If the user chooses to display the record in hexadecimal format, the format and display hex routine 21 is invoked. Functional box 21 is depicted in greater detail in FIG. 3. In functional box 39, the index is reset to one, i.e., the place marker (index) is set to the first word in the record. Next, the word is converted to 4 character hexadecimal, and formatted for 4 character hex display in functional box 41. The content of the word is used to search an internal table of all possible HEX value representations. When the corresponding HEX value is found, it is placed in the hold area.

The resulting hexadecimal characters are then placed in a hold area in functional box 43, until all words in the record have been converted to hexadecimal format. The index or place marker is then increased by one in functional box 45. In decision box 47, the index is then compared to half of the record size, since data is taken in two bytes per index increment. Once the index exceeds half of the record size, the hold area is displayed to the user (functional box 49), and the routine ends in end circle 51, i.e., the routine returns to functional box 5 in FIG. 1. If not, the routine returns to the step of converting the word to 4 character hex display format, functional box 41.

If the user chooses to display the record in decimal format, the format and display decimal routine 23 is invoked. Functional box 23 is depicted in greater detail in FIG. 4. In functional box 53, the index is reset to one, i.e., the place marker (index) is set to the first word in the record. Next, the word is converted to its decimal representation, and formatted for decimal display in functional box 55. The contents of the word are converted to a printable ASCII representation using a Tandem library procedure called NUMOUT.

The resulting decimal representation is then placed in a hold area in functional box 57, until all words in the record have been converted to decimal format. The index or place marker is then increased by one in functional box 59. In decision box 61, the index is then compared to half of the record size, since data is taken in two bytes per index increment. Once the index exceeds half of the record size, the hold area is displayed to the user (functional box 63), and the routine ends in end circle 65, i.e., the routine returns to functional box 5 in FIG. 1. If not, the routine returns to the step of converting the word to decimal format, functional box 55.

If the user does not choose to display the record in binary, hex or decimal format, the routine format and display ASCII 17 is invoked as the default. Functional box 17 is depicted in greater detail in FIG. 5. In functional box 67, the index is reset to one, i.e., the place marker (index) is set to the first byte in the record. Next, the byte value is tested to determine if the byte value lies within the printable ASCII character set in functional box 69. If not, the ASCII character is replaced with a period, i.e., the non-printable characters are suppressed in functional box 69.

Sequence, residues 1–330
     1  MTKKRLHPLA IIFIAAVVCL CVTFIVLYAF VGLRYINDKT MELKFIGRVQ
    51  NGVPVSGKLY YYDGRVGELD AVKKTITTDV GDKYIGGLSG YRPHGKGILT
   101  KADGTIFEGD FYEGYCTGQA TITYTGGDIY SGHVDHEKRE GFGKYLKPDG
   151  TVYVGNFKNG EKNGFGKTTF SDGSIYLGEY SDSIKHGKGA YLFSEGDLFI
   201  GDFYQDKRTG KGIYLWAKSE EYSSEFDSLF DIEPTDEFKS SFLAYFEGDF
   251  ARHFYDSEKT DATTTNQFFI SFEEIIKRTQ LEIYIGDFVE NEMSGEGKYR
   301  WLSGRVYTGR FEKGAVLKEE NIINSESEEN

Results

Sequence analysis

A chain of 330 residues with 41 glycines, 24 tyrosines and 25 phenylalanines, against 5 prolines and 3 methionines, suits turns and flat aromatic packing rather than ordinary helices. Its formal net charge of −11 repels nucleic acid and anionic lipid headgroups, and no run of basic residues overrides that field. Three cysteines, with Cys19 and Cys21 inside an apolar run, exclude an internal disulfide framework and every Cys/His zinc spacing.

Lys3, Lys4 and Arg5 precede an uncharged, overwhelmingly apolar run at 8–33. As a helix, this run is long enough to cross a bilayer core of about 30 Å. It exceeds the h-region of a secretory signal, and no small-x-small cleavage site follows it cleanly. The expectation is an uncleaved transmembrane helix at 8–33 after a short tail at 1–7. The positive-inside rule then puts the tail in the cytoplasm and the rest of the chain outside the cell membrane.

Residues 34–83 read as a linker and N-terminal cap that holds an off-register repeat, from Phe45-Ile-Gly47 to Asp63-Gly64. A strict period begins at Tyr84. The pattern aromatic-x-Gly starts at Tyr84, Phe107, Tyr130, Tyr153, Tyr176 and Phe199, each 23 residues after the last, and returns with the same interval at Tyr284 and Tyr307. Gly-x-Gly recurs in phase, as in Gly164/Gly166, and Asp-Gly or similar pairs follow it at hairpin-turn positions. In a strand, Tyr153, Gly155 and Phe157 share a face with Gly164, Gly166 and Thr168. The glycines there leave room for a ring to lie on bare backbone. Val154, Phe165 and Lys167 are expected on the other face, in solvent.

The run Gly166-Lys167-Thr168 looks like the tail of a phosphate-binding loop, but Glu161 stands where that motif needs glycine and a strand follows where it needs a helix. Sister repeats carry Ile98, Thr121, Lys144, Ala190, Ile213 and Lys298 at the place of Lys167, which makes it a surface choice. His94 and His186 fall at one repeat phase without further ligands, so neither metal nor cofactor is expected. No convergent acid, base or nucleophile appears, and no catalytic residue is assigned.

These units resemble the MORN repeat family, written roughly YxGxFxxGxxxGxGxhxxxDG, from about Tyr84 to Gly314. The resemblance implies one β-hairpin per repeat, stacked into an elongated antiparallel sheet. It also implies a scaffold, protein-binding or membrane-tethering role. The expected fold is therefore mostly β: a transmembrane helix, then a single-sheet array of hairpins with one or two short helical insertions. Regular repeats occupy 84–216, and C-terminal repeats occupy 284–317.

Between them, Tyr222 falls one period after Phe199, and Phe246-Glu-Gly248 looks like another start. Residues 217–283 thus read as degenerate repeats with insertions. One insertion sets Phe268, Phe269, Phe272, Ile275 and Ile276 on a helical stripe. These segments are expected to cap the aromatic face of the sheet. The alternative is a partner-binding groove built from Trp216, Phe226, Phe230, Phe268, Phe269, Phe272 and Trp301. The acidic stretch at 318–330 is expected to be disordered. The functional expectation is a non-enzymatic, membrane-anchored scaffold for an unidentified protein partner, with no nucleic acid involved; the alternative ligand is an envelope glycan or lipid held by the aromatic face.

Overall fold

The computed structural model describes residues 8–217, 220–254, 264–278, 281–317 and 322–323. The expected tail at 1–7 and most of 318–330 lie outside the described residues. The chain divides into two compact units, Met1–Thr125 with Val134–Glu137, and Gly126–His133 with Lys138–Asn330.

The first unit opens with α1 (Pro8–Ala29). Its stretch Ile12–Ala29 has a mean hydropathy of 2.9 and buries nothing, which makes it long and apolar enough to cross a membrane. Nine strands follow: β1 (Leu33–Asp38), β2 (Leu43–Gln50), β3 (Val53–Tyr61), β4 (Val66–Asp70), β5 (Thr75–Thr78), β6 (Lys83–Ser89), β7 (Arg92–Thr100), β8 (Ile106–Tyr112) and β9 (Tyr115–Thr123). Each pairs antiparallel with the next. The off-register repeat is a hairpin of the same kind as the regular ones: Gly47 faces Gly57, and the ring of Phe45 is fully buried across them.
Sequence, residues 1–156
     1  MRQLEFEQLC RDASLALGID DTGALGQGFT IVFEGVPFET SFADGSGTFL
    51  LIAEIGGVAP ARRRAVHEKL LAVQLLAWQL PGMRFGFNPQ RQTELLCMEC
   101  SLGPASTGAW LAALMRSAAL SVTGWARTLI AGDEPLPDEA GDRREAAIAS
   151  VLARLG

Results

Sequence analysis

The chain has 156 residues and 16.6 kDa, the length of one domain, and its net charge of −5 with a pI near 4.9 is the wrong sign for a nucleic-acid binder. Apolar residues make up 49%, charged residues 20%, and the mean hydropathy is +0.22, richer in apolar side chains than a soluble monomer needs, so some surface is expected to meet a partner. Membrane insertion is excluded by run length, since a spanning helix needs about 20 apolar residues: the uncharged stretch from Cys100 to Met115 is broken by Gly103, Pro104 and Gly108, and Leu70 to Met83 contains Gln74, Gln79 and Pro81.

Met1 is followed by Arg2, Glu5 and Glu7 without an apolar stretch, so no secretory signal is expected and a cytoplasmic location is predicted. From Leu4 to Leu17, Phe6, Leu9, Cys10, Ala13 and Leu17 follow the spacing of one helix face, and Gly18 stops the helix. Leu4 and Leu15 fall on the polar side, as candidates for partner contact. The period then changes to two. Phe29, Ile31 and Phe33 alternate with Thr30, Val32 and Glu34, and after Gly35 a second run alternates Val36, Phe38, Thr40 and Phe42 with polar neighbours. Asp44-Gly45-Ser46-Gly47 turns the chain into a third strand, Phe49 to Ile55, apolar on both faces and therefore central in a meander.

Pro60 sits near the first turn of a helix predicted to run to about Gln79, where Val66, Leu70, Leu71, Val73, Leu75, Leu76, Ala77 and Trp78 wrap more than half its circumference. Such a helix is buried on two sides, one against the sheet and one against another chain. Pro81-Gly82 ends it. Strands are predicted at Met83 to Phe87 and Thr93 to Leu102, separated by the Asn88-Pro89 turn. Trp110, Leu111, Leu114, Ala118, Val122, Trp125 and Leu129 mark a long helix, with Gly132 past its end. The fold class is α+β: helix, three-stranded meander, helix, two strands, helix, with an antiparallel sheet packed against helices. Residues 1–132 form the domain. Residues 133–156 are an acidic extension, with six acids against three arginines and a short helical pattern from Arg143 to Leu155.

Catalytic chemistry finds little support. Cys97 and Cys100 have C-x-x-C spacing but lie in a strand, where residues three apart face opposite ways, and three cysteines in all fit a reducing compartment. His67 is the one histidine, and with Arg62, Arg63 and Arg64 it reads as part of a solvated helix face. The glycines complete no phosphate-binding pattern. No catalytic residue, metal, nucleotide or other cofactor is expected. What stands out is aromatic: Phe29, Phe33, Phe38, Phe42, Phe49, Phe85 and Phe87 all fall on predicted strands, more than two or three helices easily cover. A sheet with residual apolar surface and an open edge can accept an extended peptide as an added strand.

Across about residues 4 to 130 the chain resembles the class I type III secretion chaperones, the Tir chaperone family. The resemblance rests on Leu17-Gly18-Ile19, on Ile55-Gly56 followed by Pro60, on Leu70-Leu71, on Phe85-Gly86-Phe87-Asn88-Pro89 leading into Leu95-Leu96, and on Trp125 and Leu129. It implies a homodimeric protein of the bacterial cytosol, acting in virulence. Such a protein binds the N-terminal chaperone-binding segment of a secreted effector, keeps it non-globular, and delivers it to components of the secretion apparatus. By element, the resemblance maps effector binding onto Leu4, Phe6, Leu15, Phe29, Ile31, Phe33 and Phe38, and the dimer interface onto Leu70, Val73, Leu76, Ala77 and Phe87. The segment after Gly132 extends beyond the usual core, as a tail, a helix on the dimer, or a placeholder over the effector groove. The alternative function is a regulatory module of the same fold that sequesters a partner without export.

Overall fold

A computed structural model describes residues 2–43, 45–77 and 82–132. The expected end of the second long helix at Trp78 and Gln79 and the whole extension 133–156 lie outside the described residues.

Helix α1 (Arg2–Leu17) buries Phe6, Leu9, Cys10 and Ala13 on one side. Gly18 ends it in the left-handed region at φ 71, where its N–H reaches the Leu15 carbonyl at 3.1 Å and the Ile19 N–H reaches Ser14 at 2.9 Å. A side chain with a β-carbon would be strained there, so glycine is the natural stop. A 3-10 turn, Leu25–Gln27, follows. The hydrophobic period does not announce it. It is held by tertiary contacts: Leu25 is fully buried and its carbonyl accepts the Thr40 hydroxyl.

The resulting ASCII character is then placed in a hold area in functional box 71, until all words in the record have been converted to ASCII format and placed in the hold area. The index or place marker is then increased by one in functional box 73. In decision box 75, the index is then compared to the record size, since in this case data is taken in one byte per index increment. Once the index exceeds the record size, the hold area is displayed to the user (functional box 77), and the routine ends in end circle 79, i.e., the routine returns to functional box 5 in FIG. 1. If not, the routine returns to the step of converting the word to ASCII display format, functional box 69.

The present invention provides the user the capability to format a report with a variety of data representations. There are two alternatives to formatting a report. The first alternative is to refer to data elements contained in a previously compiled data dictionary listing (DDL). To use this approach, the user must first open the dictionary. To do so, the user invokes the command ?DICT. For example, to open the dictionary that resides on $LIB.TMDEVSRC and search for record definition USER-REC, the user would enter the following command:

______________________________________< <?DICT $LIB.TMDEVSERC USER-REC< <FORMAT USERCODE USERNAME EFF-DATE(%T)______________________________________